Pink Martini

In 1994 in his hometown of Portland, Oregon, Thomas Lauderdale was working on political campaigns, with the intention of eventually running for office. Drawing inspiration from music from all over the world – crossing genres of classical, jazz, and old-fashioned pop – and hoping to appeal to conservatives and liberals alike, he founded the “little orchestra” Pink Martini “to bring a little bit of “Breakfast at Tiffany’s” to political fundraising for causes such as civil rights, affordable housing, cleaning up the Willamette River, libraries and education, among others.

One year later, Lauderdale called China Forbes, a Harvard classmate who was living in New York City, and asked her to join Pink Martini. They began to write songs together. Their first song – “Je ne veux pas travailler” or “I don’t want to work” – became an overnight sensation in France, was nominated for Song of the Year at France’s Victoires de la Musique Awards, and to this day remains a mantra for striking French workers. “Pink Martini is an American band, but because we spend a lot of time abroad we have the incredible diplomatic opportunity to represent a broader, more inclusive America . . . the America that is the most heterogeneously-populated country in the world.  Except for Native Americans, all of us are immigrants from every country, of every language, of every religion,” says Lauderdale.

Featuring a dozen musicians with songs in over 25 languages, Pink Martini performs its multilingual repertoire on concert stages and with symphony orchestras throughout Europe, Asia, Greece, Turkey, the Middle East, Northern Africa, Australia, New Zealand, and North and South America. Pink Martini made its European debut at the Cannes Film Festival in 1997 and its orchestral debut with the Oregon Symphony in 1998 under the direction of Norman Leyden. Since then, the band has gone on to play with more than 70 orchestras around the world, including multiple engagements with the Los Angeles Philharmonic at the Hollywood Bowl, the Boston Pops, the National Symphony at the Kennedy Center, the San Francisco Symphony, the Chicago Symphony, the Minnesota Orchestra, the Seattle Symphony, the Cleveland Orchestra, and the BBC Concert Orchestra at Royal Albert Hall.

Other appearances include the grand opening of the LA Philharmonic’s Frank Gehry-designed Walt Disney Concert Hall, with return sold-out engagements for New Year’s Eves in 2003, 2004, 2008, 2011, 2014 and 2016; four sold-out concerts at Carnegie Hall; the opening party of the remodeled Museum of Modern Art in New York City; three sold out shows with the Sydney Symphony at the renowned Sydney Opera House; sold-out concerts at Royal Albert Hall in London in 2011, 2013 & 2016, sold-out concerts at Paris’ legendary L’Olympia Theatre in 2011 and 2016; and Paris’ fashion house Lanvin’s 10-year anniversary celebration for designer Alber Elbaz in 2012. In 2014, Pink Martini was inducted into both the Hollywood Bowl Hall of Fame and the Oregon Music Hall of Fame.

Television appearances include The Late Show with David Letterman, Late Night with Conan O’Brien, The Tonight Show with Jay Leno, Later with Jools Holland, and a feature on CBS Sunday Morning. The band created a nationally broadcast 2015 NPR holiday concert special, Joy to the World: A Holiday Spectacular, and has been featured on multiple New Year’s Eve broadcasts on NPR’s Toast of the Nation.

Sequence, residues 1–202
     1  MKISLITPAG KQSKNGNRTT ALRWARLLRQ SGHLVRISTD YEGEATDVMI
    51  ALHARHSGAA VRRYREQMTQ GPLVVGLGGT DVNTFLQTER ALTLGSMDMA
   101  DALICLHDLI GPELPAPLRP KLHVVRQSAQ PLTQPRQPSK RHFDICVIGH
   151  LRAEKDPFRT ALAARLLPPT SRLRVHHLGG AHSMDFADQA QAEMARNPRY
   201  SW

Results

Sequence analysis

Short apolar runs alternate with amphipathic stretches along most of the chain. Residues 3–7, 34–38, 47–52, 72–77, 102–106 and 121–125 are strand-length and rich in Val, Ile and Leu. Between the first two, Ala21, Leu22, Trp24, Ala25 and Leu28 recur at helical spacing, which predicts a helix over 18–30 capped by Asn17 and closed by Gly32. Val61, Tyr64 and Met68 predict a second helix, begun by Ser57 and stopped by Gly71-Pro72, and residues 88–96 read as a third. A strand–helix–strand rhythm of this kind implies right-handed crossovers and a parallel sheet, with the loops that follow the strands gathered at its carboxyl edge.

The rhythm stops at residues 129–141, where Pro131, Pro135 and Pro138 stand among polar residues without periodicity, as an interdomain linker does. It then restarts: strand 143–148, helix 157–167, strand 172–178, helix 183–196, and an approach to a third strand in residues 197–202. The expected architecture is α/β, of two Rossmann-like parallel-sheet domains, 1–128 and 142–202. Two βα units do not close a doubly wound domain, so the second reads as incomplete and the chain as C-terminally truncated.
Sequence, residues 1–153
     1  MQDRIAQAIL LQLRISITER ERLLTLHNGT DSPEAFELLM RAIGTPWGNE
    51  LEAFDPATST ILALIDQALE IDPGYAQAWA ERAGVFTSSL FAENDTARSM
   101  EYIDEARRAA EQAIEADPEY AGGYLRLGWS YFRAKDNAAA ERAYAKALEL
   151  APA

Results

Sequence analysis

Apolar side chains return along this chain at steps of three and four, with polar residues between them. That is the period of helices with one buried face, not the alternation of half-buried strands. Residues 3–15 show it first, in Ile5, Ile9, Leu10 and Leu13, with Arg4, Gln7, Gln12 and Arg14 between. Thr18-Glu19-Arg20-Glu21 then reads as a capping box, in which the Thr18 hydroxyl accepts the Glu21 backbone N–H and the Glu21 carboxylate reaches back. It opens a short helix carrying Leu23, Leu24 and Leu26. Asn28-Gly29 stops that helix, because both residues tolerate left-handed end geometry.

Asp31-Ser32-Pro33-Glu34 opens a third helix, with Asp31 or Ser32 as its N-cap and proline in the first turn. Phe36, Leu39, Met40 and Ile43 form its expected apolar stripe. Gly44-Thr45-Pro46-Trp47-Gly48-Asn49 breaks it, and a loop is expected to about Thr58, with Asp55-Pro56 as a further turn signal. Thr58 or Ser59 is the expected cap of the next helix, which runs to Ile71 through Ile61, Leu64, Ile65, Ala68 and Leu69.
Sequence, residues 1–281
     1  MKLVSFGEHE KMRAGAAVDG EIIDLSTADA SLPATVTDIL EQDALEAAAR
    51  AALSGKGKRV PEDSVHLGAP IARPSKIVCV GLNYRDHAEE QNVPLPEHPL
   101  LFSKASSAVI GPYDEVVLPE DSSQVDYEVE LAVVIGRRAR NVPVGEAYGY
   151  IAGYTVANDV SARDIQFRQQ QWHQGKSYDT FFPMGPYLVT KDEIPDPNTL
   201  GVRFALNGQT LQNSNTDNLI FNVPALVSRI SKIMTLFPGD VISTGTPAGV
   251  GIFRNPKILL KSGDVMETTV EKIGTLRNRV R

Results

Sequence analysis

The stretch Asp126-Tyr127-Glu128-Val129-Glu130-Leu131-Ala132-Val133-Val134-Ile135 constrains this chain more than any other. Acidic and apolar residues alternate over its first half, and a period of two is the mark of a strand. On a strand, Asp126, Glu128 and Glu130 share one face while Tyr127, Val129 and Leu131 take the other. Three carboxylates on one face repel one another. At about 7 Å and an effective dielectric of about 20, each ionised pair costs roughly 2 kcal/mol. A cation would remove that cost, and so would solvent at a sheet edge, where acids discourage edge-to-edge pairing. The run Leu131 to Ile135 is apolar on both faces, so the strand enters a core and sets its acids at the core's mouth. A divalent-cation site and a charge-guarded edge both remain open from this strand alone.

The band has collaborated with numerous artists, including Phyllis Diller, Jimmy Scott, Carol Channing, Rita Moreno, Jane Powell, Rufus Wainwright, Japanese legends Saori Yuki and Hiroshi Wada, Henri Salvador, Chavela Vargas, New York performer Joey Arias, puppeteer Basil Twist, Georges Moustaki, Michael Feinstein, Charo, Doc Severinsen, filmmaker Gus Van Sant, Courtney Taylor Taylor of The Dandy Warhols, clarinetist and conductor Norman Leyden, Italian actress and songwriter Alba Clemente, DJ Johnny Dynell and Chi Chi Valenti, Faith Prince, Mamie Van Doren, the original cast of Sesame Street, the Portland Youth Philharmonic, Mariachi Aztlan of Pueblo High School in Tucson, Arizona; the Jefferson High School Gospel Choir; the Royal Blues of Grant High School; the Pacific Youth Choir of Portland, Oregon; and Karen Early (who played sleigh bells and crash cymbals on the band’s holiday album and the band’s collaborative album with Japanese singer Saori Yuki, respectively).

One of the most significant moments in the band’s 23-year history began to formulate at a luncheon for the Central Oregon-based art camp Caldera at the Portland Art Museum in 2010.  In his introduction of Myrlie Evers-Williams -- civil rights leader and widow of Medgar Evers, who was assassinated in Jackson, Mississippi in 1963 -- Dan Wieden revealed that, as a young person growing up in Mississippi, Myrlie was a classical pianist with dreams of playing Carnegie Hall.  Two years later, Pink Martini invited Myrlie -- at age 79 -- to realize her childhood dream.  In a sparkling red dress provided by Ikram Goldman of Chicago, and with her family and friends in the audience, Myrlie not only played the piano; she sang George Gershwin’s “The Man I Love” to an instant standing ovation.  Myrlie’s debut was documented by filmmaker Albert Maysles, of Grey Gardens fame.

In 2016, Pink Martini released its ninth studio album, Je dis oui!, featuring singers China Forbes, Storm Large, Ari Shapiro, fashion guru Ikram Goldman, civil rights leader Kathleen Saadat, and Rufus Wainwright.   The album’s 15 songs span eight languages (French, Farsi, Armenian, Portuguese, Arabic, Turkish, Xhosa and English), and affirm the band’s 23-year history of global inclusivity and collaborative spirit.

 

 

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